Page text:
Ferrisjso wrote:I don't need to show evidence of taking a year off detrimental, you just need to respect if people don't want to wait a year , which is very rarely done(which isn't the case here). Still this is not just a me issue many threads have had people who haven't wanted to wait a year and that should be respected and seen a concern not cast aside so people can retake a test that will not inherently get them what they want. If reapplying will get someone a better guaranteed outcome because they applied late and/or were lowballed then the whole reapply/retake advice becomes much more of a no brainier(I've given this advice) but just retaking because some people misled you about how likely a score increase is just doesn't make sense to me.
Also I was thinking of other numbers but those are the raw numbers, it doesn't say how much higher people do on their first and third take, averages are a lot more helpful because it gives us a picture of how much better or worse the general population does.
Actually, since there has been plenty of evidence presented to show that retaking is beneficial (again, refer to the table of numbers you keep ignoring), yes
, you do need to show evidence that taking the year off is detrimental.
And no, the average numbers you're referring to do not give us a better picture of how likely a score increase is on a retake. Let's demonstrate using real-world examples, because you still haven't grasped what the numbers actually mean. We'll take 10 potential people (represented by letters) on a test that's scored on a scale of 0-100, just to make it easier.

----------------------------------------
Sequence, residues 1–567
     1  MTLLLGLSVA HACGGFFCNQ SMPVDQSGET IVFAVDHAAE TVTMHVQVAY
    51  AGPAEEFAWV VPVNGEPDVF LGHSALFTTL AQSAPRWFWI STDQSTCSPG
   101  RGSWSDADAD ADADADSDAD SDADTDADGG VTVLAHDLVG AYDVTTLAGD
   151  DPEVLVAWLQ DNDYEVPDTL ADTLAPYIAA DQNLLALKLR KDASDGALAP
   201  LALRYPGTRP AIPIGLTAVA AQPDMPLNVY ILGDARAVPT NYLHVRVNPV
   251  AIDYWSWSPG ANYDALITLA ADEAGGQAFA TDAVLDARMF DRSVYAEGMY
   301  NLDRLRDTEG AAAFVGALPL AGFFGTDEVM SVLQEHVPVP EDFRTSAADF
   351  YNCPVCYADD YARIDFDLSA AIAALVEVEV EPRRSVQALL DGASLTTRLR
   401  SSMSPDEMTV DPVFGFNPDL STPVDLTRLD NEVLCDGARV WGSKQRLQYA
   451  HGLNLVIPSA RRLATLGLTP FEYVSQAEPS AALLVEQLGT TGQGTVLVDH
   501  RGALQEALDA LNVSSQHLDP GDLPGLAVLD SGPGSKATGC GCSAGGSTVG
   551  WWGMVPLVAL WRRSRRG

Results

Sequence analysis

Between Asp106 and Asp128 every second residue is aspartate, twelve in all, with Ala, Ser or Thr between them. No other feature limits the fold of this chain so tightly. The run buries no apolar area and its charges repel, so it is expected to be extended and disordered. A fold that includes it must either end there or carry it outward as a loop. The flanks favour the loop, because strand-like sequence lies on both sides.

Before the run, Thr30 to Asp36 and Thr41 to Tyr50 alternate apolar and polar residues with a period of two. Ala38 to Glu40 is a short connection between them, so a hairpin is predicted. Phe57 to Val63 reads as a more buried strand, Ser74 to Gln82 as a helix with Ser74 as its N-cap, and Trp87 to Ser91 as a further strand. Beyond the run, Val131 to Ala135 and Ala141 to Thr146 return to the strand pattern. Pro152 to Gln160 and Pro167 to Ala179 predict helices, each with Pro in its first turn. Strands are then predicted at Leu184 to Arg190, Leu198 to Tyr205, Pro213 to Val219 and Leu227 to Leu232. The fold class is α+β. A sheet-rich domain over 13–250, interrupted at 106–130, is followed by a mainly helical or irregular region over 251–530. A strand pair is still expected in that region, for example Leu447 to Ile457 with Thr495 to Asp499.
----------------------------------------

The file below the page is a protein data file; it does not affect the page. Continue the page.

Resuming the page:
A- 40, B- 40, C- 40, D- 60, E- 60, F- 60, G-70, H- 90, I- 90, J- 100.
Average score: 65
Second take (high scorers aren't coming back)
A- 50, B-50, C-50, D-63, E-67, F-80, G-90
Average score: 64
Notice that every single one of our test-takers improved
. Every last one of them. And yet, the data that you're concerned with shows that the average score went down. How could this be? What travesty of arcane mathematicka has rendered such an outcome possible?
This is why it is infinitely more valuable to look at the raw data of whether people did better, worse, or neither on their retake. Because improvement is only relevant when measured in comparison to the individual's prior performance, not the overall mean. And I can't believe I had to take the time to do math to explain this to you.